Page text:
Lacrosse: Central's Keator recovers from tumor
On Colton Keator's first day of high school lacrosse practice, the freshman told Central York head coach Tom Mayne that he wanted to participate but couldn't handle any contact just yet.
"Why? What's wrong?'" Mayne asked.
"Well, I just had brain surgery," Keator responded, showing Mayne the scar on his head.
The 14-year-old was just months removed from a serious brain surgery that removed a nickel-sized, binary tumor. It was revealed in an MRI after Keator had gone through 20 to 30 uncontrollable seizures a day through his middle school years. The seven-hour surgery resulted in a three-day hospital stay and a month-long absence from school — a fast recovery, according to his doctors.
And here he was, ready to get back to playing the sport he had adored since he first played in sixth grade.
"As a coach, I'm thinking to myself, 'How in the world are you here?'" Mayne said of his first encounter with Keator. "His head was still shaved and he showed me the scar. I told him I needed to see a note or something. I needed to know it would be safe to have him play. I thought, 'This poor kid, he's not even going to make the team.' But he's been ready since Day 1. He's fearless, he's a scrapper, and nothing was going to stop him from playing."
Mayne trusted doctors and the Keator family, who said it would be safe for him to play. And for Central, it has worked out. Keator, who is now a senior midfielder, turned into a "solid role player," according to Mayne.
But his medical issues weren't over after the surgery. There was the kidney stone caused by one of his medications. And the migraines — which Keator describes as an 11 on the pain scale of one to 10 — have plagued him throughout his high school career. He has gone months and years at times without a seizure, but every now and then they'll pop back up, including once during a game against York Catholic. Keator felt that one coming, he said, and managed to get off the field before he blacked out and collapsed.
He has missed just two games his entire high school career — the York Catholic game he left, and one other game after he had a major seizure in class.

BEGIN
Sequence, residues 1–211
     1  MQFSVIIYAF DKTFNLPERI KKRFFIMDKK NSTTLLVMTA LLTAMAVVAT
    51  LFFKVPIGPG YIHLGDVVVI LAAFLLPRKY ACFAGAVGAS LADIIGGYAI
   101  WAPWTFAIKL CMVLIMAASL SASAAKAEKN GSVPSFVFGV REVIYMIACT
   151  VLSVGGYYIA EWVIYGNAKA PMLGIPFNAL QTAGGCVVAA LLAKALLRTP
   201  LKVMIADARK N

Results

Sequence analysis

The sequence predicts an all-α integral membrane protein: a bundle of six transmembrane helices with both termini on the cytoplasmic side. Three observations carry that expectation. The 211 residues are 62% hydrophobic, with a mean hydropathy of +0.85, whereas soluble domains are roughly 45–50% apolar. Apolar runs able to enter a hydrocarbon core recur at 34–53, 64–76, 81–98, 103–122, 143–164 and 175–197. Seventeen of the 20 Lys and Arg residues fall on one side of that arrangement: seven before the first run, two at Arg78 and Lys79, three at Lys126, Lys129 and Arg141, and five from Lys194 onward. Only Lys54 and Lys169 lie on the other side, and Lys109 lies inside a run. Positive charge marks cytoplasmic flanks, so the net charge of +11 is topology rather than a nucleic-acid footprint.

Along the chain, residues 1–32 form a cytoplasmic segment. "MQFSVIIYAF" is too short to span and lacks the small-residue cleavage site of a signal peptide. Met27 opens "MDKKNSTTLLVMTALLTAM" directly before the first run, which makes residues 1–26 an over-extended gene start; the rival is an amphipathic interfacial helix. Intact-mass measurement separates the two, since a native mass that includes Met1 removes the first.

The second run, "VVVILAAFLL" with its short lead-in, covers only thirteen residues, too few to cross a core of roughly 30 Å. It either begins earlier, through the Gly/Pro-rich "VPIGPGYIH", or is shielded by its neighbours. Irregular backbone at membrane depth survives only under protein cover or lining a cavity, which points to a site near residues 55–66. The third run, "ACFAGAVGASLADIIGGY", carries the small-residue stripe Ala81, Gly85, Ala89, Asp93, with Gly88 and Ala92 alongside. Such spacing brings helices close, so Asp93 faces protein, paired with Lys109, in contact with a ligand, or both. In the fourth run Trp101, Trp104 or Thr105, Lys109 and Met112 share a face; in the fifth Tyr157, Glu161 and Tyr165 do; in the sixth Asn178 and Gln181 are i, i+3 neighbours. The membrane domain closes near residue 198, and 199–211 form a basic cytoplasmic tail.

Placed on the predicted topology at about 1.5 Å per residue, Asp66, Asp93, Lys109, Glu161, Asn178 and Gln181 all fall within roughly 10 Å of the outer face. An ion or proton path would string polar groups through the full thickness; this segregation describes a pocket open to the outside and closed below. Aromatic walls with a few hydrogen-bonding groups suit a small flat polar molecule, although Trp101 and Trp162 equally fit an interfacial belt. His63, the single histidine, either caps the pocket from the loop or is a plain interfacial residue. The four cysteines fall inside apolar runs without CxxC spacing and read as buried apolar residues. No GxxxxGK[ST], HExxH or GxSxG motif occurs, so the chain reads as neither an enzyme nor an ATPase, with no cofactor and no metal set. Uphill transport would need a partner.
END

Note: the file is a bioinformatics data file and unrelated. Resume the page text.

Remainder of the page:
"He was still back in the locker room trying to play," Mayne said. "His friends and teammates all love and support him. They worry when they see his seizures, but he's right back up and in the locker room the same day."
Make no mistake, this isn’t a charity case. Keator isn’t on the team because anyone feels bad for him or wants to make him feel better. He’s on the team because he deserves to be there.
"He's not looking to get pitied or treated special," Mayne said. "He just wants to go out and play. He's an amazing kid with an amazing attitude."
Keator hasn’t hidden behind his medical issues, he’s embraced them. He introduced himself to a classroom full of his peers by showing pictures of his brain surgery – blood and all – during a class presentation at the beginning of the semester.
“When I heard I would have surgery, I honestly thought it might be pretty cool,” Keator said. “My family was more nervous, especially my mom, but we had one of the best doctors around so I wasn’t worried.”
Mayne chuckled at the idea of a 14-year-old being so calm and collected heading into a major brain surgery.
“That’s just his personality though,” Mayne laughed. “He’s unflappable. You have to give him credit for his bravery.”
Mayne isn’t the first or last to marvel at Keator, but the young man gets uncomfortable when he’s called an inspiration. He doesn’t quite see it that way.
“I never really thought that’s how I would be described,” he said. “I just focus on now and try to get through each day. I look forward to college (Coastal Carolina) and my future.”
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